Every year, during the Executive Forum and Fly-In, a delegation of member executives from Plumbing Manufacturers Intl. (PMI) travels to Washington...
The Solicitor General of the United States has formally given his support to Florida water managers involved in a case before the U.S. Supreme Court, asserting that lower federal courts wrongly interpreted the federal Clean Water Act.
The United States joined the South Florida Water Management District (Water Management District) in arguing that the lower courts' misinterpretation could impede the world's largest ecosystem restoration project, which is now under way in the Everglades.
The "friend of the court" brief filed on September 10 by the U.S. Solicitor General said that "the Court of Appeals' mistaken imposition of NPDES permitting requirements on the S-9 pumping station is unlikely to provide any substantial environmental benefits. Rather, it would likely misdirect governmental resources and potentially hinder the Everglades restoration process."
The Solicitor General's position, which had been requested by the Supreme Court justices, lends strong support to the Water Management District, the Florida agency implementing the Congressionally mandated $8 billion Everglades Restoration program.
The position of the Water Management District also has received a groundswell of support throughout the country. The Water Management District's position is now supported by 14 briefs filed with the Supreme Court on behalf of 49 interested groups. These groups represent a significant cross-section of the country and include 11 state governments, numerous water management agencies nationwide and a host of private sector groups.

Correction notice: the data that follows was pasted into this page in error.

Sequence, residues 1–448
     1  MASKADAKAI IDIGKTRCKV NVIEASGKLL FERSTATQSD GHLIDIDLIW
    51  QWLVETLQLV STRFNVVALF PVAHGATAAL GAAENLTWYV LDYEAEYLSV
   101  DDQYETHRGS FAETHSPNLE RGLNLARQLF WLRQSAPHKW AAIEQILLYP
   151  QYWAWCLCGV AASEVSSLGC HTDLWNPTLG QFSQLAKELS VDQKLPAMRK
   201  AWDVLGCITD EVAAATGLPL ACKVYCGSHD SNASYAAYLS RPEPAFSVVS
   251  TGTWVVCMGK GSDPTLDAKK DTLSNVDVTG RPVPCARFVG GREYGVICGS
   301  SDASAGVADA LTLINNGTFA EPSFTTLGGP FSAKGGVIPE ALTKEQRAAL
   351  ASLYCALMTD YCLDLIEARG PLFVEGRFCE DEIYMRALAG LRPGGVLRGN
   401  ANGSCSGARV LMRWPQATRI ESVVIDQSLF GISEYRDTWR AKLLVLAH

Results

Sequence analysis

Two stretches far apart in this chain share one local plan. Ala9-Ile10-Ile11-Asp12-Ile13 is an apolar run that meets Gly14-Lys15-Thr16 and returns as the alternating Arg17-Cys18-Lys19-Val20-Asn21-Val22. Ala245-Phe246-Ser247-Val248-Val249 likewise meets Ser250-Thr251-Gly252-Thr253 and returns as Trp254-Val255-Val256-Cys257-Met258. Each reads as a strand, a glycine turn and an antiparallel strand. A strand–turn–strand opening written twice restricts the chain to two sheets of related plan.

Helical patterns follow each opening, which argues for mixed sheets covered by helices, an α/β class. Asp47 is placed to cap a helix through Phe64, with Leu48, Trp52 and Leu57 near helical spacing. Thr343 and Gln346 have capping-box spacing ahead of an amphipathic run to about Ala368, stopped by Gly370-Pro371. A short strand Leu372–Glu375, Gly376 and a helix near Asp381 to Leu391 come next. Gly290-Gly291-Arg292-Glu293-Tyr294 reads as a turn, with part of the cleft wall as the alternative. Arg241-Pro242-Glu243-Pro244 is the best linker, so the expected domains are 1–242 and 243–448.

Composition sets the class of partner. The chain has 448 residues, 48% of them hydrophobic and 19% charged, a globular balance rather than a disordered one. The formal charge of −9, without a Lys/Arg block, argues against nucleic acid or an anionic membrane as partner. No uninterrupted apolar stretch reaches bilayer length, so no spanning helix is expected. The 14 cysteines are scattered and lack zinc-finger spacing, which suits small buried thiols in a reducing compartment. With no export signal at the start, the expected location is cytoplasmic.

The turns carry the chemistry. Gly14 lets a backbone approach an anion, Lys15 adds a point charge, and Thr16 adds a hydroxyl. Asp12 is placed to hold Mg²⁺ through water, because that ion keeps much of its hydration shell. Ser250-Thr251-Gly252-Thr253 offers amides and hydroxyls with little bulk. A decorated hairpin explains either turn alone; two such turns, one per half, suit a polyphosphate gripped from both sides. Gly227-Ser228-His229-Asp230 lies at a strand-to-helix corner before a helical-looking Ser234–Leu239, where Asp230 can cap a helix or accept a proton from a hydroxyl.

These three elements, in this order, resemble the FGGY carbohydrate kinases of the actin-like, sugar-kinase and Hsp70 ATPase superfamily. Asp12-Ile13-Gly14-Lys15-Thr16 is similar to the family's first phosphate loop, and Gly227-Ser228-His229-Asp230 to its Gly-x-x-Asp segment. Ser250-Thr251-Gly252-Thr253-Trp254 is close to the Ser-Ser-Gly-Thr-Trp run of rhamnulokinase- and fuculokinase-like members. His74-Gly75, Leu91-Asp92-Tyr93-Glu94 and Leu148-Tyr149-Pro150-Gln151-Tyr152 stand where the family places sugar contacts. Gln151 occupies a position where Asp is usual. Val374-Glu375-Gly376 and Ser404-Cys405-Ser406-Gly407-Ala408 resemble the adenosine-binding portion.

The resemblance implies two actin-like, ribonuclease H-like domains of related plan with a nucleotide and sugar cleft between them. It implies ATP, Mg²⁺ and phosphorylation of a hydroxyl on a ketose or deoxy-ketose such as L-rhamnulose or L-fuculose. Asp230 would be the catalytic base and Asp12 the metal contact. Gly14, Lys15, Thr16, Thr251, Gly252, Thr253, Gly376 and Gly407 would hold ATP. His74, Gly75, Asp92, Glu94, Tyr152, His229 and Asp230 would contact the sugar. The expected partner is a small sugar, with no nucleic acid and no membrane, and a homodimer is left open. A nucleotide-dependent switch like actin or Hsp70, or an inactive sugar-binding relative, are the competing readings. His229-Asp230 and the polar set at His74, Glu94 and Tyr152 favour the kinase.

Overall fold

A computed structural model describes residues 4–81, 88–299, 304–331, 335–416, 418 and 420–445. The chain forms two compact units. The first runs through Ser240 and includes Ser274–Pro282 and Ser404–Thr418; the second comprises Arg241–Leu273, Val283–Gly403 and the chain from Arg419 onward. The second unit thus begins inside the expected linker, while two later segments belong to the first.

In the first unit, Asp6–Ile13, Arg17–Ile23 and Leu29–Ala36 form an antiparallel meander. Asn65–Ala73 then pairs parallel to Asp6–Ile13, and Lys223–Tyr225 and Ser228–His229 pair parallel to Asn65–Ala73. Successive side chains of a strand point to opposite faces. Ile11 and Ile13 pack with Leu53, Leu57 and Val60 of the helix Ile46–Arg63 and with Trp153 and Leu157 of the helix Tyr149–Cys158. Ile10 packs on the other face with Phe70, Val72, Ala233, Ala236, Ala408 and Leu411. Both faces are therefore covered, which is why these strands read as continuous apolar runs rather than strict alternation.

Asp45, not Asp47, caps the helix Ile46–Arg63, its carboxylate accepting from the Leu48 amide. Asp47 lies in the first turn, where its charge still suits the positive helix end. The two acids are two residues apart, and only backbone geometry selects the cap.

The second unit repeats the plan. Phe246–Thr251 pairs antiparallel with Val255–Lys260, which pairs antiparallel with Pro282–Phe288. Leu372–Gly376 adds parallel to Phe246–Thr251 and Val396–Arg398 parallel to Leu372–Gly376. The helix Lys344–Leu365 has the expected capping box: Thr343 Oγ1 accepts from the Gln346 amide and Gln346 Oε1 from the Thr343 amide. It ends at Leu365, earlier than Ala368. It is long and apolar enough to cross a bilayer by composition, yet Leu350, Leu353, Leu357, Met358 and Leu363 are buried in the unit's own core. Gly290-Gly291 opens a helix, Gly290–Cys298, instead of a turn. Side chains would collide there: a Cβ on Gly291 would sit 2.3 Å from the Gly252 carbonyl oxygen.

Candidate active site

These "friends of the Court" now join the Water Management District in calling on the Supreme Court to reverse the lower federal courts' expansive and erroneous view of a section of the Clean Water Act.
"Congress did not intend," the Solicitor General said, "to impose the NPDES permitting requirements on that water control facility or on the many comparable facilities throughout the nation that do no more than convey or connect navigable waters."
"Having the support of the Solicitor General who lends the full weight of the Executive Branch in support of our position in addition to the significant number of diverse amici groups will help the Justices focus on the serious national consequences that are involved in this case," said Nicolas Gutierrez, chairman of the Water Management District.
"We're already well on the way to cleaning up the Everglades. Yet additional progress would be delayed or even diverted if the law is wrongly applied, and if new procedures are added to existing regulations," Gutierrez said. "Unless the lower courts' reading of the law is overturned, there would be serious national consequences for the environment and the economy. Taxpayers everywhere would face vastly higher costs and public water management agencies nationwide would face drastically more costly and complicated tasks."
Water moves in Broward County, Florida, from the C-11 canal through a levee into Water Conservation Area to provide flood protection and to protect the water supply for the residents of South Florida. The Water Management District argues it is not a "polluter" by merely moving existing water within the Everglades, adding absolutely no pollutants to the water.
Nationwide supporters of the Water Management District join in arguing that Congress, under the Clean Water Act, intended that an NPDES permit should be required only to regulate those who actually add dangerous pollutants to the nation's waters.
This precedent-setting case is being watched throughout the country by states, water managers and other groups who require flexibility in their ability to move water for the benefit of the public. The states already have numerous protections in place to protect water quality.
The Everglades restoration is a prime example of the type of ecosystem restoration project which will be dramatically delayed without a reversal by the Supreme Court. The case will be argued before the Supreme Court in January 2004.